Meet some of OSU’s leading researchers. Delve into their fascinating worlds in casual Science Pubs at McMenamins in Bend, and in Sisters and Sunriver. No scientific background required—just bring your curiosity, sense of humor and appetite for food, drinks and knowledge!


  • Networking begins at 5:30 p.m., presentations begin at 6:30 p.m.
  • Full menu, no-host bar.
  • Science Pubs are popular and sometimes sell out. Reservations required no later than 5:00 p.m. the day prior to each lecture.
  • Click "register" below the Science Pub you wish to attend. Online reservations available starting six weeks prior to each event. If you need to cancel your reservation, please email us so we can accommodate others.
  • Accommodations for disabilities may be made by calling 541-322-3100.

Science Pubs 2017-2018

March 20, 2018 - The Belfry, Sisters

The Ordered Dissipation of Energy in Nature

Roderick Ray, Courtesy Professor; former Chief Executive Officer and President, Bend Research, Inc.

Patterns can be seen throughout nature, and are astonishing and beautiful when created by weather. In this Science Pub, OSU alum and Courtesy Professor Rod Ray will draw from his graduate studies, as well as research by scientists at MIT, NOAA and OSU to explore how the sun’s energy is the catalyst for repetitive and natural patterns like highly regular cloud formations, ocean currents, snowflakes, Arctic stone patterns, hurricanes, river paths, beach patterns and many types of waves. Using photographs, he’ll discuss several examples of ordered structure, including their key physics and how each structure dissipates energy in the environment.

We have reached capacity for this event. Registration is now closed.

February 20, 2018 •  McMenamins Old St. Francis School, Bend - Father Luke's Room

Gonads and Goiters: Stickleback Fish Health and Disease in the Deschutes River

Ann Petersen, Instructor, Biology, OSU-Cascades

Stickleback fish are models for studies about the impact of pollution on animal and human health. Humans and stickleback share about 70 percent of known human disease-causing genes. Stickleback are considered a “canary in the coal mine” for river and lake health by researchers worldwide. Health effects of aquatic pollution on this small fish are a proxy for the health impacts of aquatic pollution on all vertebrates, including humans. 

Stickleback are abundant in the Deschutes River and also found in the John Day and Crooked Rivers. OSU-Cascades biologist Ann Petersen will share how some local populations of wild-caught stickleback demonstrate distinct types of organ and tissue abnormalities and disease, including reproductive abnormalities. These health problems are consistent with signs that at certain locations on the Deschutes, the fish have been exposed to steroids from livestock or human waste, pesticides, herbicides, pharmaceuticals, plastics or other endocrine disrupting chemicals. She’ll also share OSU-Cascades researchers' long-term plans to use the stickleback as a powerful biomonitoring tool to help maintain healthy waterways in Central Oregon.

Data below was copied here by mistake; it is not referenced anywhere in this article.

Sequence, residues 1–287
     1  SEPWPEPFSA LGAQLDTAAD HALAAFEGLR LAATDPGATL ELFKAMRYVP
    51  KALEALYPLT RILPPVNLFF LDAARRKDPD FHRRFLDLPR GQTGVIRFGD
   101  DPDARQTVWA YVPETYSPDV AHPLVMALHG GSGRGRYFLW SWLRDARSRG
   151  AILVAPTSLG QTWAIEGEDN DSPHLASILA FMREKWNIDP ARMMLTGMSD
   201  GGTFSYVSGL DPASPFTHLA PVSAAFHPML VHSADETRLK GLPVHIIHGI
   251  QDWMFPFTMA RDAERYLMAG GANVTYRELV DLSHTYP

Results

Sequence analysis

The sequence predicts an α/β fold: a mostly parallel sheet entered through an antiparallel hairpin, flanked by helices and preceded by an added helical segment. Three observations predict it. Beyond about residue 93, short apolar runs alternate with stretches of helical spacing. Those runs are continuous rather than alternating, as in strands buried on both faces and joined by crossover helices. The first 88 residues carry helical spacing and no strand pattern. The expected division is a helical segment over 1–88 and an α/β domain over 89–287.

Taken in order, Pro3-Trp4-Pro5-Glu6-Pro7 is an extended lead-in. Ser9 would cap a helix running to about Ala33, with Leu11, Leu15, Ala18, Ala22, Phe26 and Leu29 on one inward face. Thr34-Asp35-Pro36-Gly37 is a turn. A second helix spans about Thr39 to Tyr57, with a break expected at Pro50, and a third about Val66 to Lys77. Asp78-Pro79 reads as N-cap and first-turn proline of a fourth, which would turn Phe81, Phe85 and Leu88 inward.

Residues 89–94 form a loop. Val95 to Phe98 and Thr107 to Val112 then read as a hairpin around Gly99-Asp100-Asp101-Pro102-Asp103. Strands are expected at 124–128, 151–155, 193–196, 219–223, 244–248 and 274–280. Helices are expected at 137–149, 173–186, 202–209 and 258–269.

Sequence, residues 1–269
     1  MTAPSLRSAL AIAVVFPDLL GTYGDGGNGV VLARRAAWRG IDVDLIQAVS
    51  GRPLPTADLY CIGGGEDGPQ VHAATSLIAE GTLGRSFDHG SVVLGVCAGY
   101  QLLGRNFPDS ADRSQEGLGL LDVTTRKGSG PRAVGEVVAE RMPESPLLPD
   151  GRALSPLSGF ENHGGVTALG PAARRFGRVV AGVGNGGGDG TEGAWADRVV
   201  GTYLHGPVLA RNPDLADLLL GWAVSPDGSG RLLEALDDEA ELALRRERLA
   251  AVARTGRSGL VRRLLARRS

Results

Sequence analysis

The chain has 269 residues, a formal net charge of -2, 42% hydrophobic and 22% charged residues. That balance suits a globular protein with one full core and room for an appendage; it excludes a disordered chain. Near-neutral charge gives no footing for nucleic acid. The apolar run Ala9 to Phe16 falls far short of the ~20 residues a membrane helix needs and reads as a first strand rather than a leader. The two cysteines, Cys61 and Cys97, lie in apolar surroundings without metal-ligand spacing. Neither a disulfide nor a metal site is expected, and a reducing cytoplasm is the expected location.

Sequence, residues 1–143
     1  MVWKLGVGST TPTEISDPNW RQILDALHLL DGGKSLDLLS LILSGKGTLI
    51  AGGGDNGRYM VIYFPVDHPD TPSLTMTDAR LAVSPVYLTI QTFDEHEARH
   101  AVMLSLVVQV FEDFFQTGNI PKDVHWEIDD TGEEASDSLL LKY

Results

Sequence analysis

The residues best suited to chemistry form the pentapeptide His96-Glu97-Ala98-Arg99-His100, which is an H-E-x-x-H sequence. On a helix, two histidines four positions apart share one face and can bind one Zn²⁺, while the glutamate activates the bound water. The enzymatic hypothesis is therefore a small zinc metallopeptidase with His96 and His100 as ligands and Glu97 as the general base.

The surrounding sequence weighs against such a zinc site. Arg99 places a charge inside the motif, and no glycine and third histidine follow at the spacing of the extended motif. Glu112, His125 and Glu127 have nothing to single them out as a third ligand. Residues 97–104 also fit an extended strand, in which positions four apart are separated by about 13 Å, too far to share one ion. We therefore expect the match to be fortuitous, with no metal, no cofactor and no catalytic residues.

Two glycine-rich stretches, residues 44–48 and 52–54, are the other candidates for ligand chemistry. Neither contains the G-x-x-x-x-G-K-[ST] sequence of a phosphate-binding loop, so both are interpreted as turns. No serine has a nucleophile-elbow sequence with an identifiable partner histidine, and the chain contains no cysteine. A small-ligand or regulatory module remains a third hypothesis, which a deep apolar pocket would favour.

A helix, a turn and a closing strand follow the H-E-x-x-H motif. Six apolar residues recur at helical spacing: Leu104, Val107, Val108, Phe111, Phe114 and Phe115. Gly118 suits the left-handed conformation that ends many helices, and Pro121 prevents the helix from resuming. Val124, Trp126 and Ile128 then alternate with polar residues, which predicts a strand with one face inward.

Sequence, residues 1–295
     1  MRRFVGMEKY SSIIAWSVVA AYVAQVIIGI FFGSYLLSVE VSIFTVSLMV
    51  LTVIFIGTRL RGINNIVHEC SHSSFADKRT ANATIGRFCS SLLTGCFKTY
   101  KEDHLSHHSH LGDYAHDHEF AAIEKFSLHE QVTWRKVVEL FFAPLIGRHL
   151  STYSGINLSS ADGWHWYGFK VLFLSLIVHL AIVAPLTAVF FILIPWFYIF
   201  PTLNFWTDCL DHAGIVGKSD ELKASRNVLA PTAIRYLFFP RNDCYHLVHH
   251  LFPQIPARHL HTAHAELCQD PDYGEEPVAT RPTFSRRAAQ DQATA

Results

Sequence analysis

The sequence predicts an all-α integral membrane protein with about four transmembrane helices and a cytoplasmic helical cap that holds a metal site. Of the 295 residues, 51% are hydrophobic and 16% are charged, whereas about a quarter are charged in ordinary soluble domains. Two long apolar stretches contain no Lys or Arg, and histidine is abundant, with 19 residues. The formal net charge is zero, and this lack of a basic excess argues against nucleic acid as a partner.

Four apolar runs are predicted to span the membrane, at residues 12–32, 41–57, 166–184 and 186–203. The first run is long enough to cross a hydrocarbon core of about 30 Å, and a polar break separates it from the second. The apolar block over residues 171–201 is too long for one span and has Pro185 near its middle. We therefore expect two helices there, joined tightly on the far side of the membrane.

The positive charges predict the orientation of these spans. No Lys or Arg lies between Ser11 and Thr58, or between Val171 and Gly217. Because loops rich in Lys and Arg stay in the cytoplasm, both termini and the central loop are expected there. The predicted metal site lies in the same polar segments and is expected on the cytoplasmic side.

Registration is closed.

January 16, 2018 •  McMenamins Old St. Francis School, Bend - Father Luke's Room

The Search for the First Americans: Perspectives from Western North America

Loren G. Davis, Ph.D., Professor of Anthropology, OSU Department of Anthropology; Executive Director, Keystone Archaeological Research Fund

The archaeological record is comprised of artifacts, often found buried in archaeological sites, which reveal patterns of past human cognition and behavior. Archaeological evidence indicates that humans were present in the Americas by at least 14,500 years ago and most probably initially migrated from northeast Asia during the last glacial period. 

The initial timing and route of entry into the Americas is not clearly understood; however, efforts to discover, excavate, and interpret early archaeological evidence of the first Americans continue to reveal important information about this exciting chapter of human history. 

Registration is closed.

September 19, 2017 •  McMenamins Old St. Francis School, Bend - Father Luke's Room

Lift: The Science and Surprising History of Leavening Agents

Sue Queisser, Project Manager at OSU's Center for Sensory and Consumer Behavior Research

Did you know that some of the earliest leavening agents were derived from antlers, ashes or even urine? Ever wonder what exactly is the difference between baking soda and powder and how much to use? Have you been disappointed to follow a recipe exactly only to have your cake collapse? Sue Queisser, project manager at OSU's Center for Sensory and Consumer Behavior Research, will explain how the products we use bring our culinary wonders to lofty heights as well as the interesting stories behind their origins. You’ll also learn useful troubleshooting tips that will help you achieve optimal results in the kitchen.

Registration is closed.


Science Pub Archive